The extremely low-profile and reclusive Girish Kasaravalli is one of the best filmmakers of Karnataka; indeed he is one the best that modern India has produced. His insight into women's psyche is so deep and its treatment so low-key, subtle and controlled, that the inner strength of the female protagonist - whether in Thai Saheb, Haseena or Dweepa - takes you completely by surprise. The men define a counterpoint to the strong and courageous women of these films, a telling attempt considering that the filmmaker himself is a man.

Unfortunately, film lovers across India remain mostly in the dark about Kasaravalli's works. A graduate of the Film and Television Institute of India, Pune, Kasaravalli makes films that may lack 'mass appeal' but as serious works that focus on social and political questions, and on the forces that shape an individual's behaviour, they are in a class all their own. Though he is not a prolific filmmaker, his films have won top awards at the National and State Awards and have done the rounds of noted festivals abroad.

His latest film Gulabi Talkies is a beautiful celluloid essay on the trials and tribulations of a poor Muslim woman, Gulabi, a midwife, whose life and the lives of other women and children in a small fishing village in Karnataka change when she is gifted a television set. Gulabi Talkies won the top prize under Indian Competition section at the 10th Osians-Cinefan Festival of Asian and Arab Cinema. The lead actress Umashree, bagged the Best Actress award for her outstanding performance in the film.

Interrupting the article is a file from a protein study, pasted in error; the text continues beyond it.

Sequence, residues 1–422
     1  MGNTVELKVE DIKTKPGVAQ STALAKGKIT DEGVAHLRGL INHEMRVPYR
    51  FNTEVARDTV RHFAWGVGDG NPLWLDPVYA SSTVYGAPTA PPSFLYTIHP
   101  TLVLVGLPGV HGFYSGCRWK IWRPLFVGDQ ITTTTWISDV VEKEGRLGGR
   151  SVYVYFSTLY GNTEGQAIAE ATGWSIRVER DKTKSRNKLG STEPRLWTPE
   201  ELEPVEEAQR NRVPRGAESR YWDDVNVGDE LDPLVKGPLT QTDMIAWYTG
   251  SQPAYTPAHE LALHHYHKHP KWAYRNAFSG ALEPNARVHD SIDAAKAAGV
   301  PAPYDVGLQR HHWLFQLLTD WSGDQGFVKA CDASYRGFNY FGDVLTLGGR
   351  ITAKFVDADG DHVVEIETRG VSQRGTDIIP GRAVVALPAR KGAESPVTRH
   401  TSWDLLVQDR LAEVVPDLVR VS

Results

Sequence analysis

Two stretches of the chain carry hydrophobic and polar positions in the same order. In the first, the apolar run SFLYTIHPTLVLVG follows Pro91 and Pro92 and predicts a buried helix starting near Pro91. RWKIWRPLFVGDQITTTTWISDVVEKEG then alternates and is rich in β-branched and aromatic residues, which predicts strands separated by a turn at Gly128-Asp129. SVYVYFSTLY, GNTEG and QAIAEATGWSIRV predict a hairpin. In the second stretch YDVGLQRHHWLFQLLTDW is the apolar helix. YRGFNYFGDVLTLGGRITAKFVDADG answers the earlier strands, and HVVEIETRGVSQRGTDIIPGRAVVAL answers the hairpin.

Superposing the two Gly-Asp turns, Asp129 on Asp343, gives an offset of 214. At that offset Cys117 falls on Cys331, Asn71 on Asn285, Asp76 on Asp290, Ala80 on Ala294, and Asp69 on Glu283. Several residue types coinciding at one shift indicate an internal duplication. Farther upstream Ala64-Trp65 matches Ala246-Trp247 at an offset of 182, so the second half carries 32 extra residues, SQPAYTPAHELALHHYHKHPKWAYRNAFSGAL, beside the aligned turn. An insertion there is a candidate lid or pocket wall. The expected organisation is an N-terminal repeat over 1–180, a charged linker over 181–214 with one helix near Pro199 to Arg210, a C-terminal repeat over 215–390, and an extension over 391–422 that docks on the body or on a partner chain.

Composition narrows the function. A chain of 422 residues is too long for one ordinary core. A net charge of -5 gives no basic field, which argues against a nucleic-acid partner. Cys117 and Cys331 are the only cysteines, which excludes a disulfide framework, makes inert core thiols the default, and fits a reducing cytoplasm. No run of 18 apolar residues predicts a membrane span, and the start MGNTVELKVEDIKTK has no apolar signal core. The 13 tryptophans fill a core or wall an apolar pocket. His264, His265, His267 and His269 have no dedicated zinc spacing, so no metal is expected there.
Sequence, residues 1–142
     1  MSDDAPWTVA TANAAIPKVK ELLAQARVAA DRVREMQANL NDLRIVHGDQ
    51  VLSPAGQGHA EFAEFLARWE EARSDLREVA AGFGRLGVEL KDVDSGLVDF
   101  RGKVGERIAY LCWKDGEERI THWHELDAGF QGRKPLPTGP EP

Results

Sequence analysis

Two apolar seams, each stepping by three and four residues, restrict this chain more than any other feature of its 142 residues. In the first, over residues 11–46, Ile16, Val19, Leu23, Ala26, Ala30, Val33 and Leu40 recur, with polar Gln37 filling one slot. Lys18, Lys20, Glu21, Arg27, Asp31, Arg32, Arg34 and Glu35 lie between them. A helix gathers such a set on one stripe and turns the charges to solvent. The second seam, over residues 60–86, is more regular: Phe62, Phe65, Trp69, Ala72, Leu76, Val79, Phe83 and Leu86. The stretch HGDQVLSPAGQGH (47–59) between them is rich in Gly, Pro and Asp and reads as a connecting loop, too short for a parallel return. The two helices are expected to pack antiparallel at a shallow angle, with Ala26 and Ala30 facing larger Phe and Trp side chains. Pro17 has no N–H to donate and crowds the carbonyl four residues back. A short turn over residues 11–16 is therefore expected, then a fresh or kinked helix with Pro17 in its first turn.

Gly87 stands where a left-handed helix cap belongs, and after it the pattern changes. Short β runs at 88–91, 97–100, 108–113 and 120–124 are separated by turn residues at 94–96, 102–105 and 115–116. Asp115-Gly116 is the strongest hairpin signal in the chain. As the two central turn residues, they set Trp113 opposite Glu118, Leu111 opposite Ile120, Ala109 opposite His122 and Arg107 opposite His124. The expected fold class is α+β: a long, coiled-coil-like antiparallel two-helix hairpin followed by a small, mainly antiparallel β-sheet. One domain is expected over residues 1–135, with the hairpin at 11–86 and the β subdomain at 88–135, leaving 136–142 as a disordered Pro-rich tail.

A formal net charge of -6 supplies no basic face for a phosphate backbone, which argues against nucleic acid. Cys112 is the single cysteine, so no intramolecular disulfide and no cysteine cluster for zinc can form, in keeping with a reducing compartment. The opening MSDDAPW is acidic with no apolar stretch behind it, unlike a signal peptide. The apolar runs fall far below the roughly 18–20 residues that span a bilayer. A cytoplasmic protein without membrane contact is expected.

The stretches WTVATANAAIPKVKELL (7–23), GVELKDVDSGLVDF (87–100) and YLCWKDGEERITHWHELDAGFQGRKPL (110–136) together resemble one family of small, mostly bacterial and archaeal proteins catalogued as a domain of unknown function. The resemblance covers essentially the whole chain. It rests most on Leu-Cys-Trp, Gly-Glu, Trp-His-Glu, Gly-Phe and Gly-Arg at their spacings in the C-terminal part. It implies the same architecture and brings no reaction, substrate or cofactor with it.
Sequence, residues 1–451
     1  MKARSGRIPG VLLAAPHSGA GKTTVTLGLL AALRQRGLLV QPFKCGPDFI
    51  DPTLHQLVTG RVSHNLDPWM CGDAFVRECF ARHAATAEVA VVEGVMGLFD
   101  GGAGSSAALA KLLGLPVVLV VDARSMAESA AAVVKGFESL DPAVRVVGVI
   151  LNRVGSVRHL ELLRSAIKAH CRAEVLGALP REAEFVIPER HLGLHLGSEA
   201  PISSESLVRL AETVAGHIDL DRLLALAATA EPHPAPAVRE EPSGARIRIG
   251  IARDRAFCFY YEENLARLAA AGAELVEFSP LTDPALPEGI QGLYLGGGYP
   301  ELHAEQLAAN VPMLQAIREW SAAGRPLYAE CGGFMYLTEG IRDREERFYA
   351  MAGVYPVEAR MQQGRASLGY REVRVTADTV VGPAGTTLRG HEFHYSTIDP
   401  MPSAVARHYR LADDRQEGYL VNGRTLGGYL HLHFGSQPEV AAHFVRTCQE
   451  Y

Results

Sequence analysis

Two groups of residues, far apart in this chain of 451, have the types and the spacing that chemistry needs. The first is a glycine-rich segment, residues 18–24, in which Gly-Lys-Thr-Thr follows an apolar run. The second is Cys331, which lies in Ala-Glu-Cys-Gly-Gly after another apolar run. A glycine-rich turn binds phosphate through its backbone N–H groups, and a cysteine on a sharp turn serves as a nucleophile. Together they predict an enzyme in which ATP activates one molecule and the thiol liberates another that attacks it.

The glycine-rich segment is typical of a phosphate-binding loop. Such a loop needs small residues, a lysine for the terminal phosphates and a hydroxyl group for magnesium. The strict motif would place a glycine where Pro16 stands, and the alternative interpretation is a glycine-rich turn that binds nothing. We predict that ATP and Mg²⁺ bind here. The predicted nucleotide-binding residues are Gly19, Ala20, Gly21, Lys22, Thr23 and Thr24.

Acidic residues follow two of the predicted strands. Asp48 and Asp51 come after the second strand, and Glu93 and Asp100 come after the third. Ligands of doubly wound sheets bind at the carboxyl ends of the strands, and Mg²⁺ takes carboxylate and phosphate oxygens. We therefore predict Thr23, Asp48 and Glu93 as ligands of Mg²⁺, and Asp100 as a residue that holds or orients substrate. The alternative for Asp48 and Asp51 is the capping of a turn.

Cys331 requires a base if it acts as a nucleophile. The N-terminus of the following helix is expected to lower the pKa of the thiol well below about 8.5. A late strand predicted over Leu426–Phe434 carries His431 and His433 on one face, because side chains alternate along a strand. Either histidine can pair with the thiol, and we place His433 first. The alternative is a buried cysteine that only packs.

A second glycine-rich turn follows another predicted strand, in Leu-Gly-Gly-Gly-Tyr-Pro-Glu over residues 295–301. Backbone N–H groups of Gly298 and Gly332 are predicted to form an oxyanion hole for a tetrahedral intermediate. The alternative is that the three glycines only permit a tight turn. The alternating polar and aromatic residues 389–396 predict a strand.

Gulabi, an expert midwife, leads a lonely life in a small island village of fishermen. Her husband Musa, a small-time fish-selling agent, has deserted her and lives happily with his second wife Kunnipathy and their child Adda. Gulabi adds meaning to her life by watching films. She slots a regular time every day for the latest release. The neighbourhood knows where exactly to look for Gulabi when a call arrives from a woman going through labour pains - it should be in the local cinema hall. If she is too caught up in the movie, Gulabi even refuses to oblige a client at the cost of losing money. Yet, she is in great demand for women in labour.

Unfortunately, film lovers across India remain mostly in the dark about Kasaravalli's works.

 •  Invisible women
 •  Mixed messages, fine art